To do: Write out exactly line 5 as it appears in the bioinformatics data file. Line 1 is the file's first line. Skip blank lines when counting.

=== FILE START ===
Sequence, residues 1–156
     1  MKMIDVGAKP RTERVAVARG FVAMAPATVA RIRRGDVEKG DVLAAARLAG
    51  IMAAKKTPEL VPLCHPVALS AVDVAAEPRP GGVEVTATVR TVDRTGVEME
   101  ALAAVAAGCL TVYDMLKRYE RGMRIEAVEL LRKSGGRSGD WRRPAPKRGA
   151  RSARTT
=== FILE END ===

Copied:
   151  RSARTT